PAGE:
From the "Preface":
This book concerns the philosophy of space and time, and its connection with the evolution of modern physics. As these are already the subjects of many excellent books and papers– the literature of the “absolute versus relational” debate– the production of yet another book may seem to require some excuse. I don't claim to defend a novel position in that controversy, or to defend one of the standard positions in a novel way. Still less do I pretend to offer a comprehensive survey of such positions and how they stand up in light of the latest developments in physics. My excuse is, rather, that I hope to address an entirely different set of philosophical problems. The problems I have in mind certainly have deep connections with the problems of absolute and relative space, time, and motion, and the roles that they play, or might play, in the history and future of physics. But they can’t be glossed by the standard questions on spacetime metaphysics: Is motion absolute or relative? Are space and time substantival or relational? Rather, they are problems concerning how any knowledge of space, time, and motion—or spatiotemporal relations—is possible in the first place. How do we come to identify aspects of our physical knowledge as knowledge of space and time? How do we come to understand features of our experience as indicating spatiotemporal relations? How do the laws of physics reveal something to us about the nature of space and time?
....[T]his book seeks to present some fairly familiar developments from a completely unfamiliar perspective, as part of a remarkably concerted and coherent philosophical effort—an effort to analyze, from a series of critical philosophical standpoints, the evolving relationship between our physical assumptions and our knowledge of space and time. Early 20th century philosophers had a difficult time seeing the history from this perspective, because they saw the philosophy of space and time as essentially an argument against Newton, that is, as a struggle of modern epistemology against old-fashioned metaphysics. What this book attempts to show is that the best philosophy of space and time—the part that has been decisive in the evolution of physics—has been a connected series of arguments that began with Newton, arguments about how physics must define its conceptions of space and time in empirical terms. By viewing the history in this way, my book proposes to shed some light on other questions that were puzzling to 20th-century philosophy of science: above all, how the transformation of fundamental concepts, like those of space, time, and motion, can be understood as a rational development.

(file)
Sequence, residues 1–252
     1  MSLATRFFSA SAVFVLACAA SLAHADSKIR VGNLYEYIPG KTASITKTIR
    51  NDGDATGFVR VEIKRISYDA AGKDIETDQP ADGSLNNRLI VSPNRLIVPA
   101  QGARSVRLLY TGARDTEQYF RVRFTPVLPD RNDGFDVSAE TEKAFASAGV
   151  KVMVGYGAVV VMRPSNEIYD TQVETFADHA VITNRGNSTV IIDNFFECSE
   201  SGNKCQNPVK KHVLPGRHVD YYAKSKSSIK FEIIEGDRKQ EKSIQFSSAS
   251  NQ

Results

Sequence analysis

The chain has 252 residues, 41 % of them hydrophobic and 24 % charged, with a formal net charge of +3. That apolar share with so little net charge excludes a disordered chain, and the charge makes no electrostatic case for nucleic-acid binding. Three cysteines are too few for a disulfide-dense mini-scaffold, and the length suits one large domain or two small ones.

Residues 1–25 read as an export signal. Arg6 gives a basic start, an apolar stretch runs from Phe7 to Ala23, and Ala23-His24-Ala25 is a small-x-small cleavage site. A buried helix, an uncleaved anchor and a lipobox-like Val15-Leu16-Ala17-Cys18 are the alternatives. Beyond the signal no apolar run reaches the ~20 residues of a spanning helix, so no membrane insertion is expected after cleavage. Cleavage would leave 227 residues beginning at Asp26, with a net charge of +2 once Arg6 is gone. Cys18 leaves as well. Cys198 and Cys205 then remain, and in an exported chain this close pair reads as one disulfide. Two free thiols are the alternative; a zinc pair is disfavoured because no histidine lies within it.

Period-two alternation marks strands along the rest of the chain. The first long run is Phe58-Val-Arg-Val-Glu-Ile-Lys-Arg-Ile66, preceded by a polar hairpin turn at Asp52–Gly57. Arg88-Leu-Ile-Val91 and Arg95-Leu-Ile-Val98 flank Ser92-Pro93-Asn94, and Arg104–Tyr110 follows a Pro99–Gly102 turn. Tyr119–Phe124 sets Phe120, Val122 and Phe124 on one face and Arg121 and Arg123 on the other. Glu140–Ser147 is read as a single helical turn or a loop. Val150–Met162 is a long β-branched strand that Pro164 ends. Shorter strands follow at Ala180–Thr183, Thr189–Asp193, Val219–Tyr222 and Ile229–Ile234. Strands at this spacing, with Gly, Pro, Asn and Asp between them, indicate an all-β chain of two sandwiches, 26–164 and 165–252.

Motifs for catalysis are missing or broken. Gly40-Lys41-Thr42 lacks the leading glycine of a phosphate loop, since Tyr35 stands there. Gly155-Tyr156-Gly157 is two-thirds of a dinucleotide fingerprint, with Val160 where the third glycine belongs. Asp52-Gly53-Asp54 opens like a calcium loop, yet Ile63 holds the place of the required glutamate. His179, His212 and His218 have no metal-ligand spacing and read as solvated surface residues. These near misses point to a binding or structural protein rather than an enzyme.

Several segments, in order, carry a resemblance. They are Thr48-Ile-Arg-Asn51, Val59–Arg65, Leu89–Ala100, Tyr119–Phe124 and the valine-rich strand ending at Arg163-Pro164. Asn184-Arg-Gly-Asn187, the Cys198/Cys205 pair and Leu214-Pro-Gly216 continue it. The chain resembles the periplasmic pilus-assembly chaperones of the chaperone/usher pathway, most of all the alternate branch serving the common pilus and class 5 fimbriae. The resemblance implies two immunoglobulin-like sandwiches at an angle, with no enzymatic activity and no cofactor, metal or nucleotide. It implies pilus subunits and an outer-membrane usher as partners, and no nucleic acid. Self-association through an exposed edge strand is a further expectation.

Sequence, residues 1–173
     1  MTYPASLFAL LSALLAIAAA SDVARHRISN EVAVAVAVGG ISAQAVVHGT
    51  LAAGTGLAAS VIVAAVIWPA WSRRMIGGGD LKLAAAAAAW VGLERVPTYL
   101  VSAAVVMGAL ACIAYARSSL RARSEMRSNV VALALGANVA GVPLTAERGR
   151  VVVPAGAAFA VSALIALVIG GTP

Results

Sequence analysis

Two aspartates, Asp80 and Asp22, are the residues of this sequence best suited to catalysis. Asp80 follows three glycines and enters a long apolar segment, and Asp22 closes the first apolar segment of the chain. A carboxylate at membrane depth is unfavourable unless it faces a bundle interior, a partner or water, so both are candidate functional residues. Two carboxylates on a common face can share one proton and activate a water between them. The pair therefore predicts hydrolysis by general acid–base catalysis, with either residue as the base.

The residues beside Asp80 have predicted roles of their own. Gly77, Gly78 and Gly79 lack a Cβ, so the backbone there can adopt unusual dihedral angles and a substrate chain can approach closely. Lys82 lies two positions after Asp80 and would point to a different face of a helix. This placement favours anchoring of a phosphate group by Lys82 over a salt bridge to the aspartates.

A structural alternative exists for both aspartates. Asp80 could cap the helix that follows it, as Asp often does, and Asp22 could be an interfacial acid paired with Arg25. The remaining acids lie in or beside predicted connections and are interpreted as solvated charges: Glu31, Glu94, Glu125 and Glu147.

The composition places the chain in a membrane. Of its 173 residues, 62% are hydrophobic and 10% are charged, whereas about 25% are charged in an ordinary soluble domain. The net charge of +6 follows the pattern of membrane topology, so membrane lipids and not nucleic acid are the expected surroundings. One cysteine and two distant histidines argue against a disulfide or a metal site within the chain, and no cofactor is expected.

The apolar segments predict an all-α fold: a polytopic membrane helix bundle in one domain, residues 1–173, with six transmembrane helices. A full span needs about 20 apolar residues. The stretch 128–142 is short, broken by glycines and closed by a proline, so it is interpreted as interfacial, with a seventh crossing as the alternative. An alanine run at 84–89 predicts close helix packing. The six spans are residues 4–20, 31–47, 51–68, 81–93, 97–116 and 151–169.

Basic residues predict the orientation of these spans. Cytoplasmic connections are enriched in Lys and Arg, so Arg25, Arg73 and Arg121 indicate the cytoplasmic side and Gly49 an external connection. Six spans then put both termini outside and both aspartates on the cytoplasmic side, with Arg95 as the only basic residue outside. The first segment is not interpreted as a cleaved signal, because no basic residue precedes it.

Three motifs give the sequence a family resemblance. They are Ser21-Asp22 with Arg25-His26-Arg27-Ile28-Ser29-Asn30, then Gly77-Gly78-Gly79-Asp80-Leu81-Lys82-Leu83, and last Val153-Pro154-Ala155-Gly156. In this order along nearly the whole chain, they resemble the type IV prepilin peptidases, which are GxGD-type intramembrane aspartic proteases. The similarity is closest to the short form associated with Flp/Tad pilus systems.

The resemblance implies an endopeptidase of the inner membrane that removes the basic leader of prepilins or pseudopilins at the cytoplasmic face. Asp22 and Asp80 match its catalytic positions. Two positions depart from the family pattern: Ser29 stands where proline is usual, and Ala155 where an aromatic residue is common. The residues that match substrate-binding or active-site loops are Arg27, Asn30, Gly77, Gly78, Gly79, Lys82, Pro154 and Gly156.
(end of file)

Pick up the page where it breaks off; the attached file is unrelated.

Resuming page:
From the "Introduction":
....[T]he history I will present of the theories of space, time, and motion since Newton...is not, therefore, another retelling of the story of the absolute-relational controversy. Rather, it is an account of how concepts of absolute and relative space, time, and motion have come to play the parts that they play in physical theory, and the impact that the construction, refinement, and critical analysis of these concepts has had on the conceptual development of physics. It is therefore no less than the story of the movement of physics toward a kind of philosophical maturity—toward a state of clarity in fundamental concepts, and of self-consciousness concerning the ways in which fundamental concepts acquire their empirical meaning.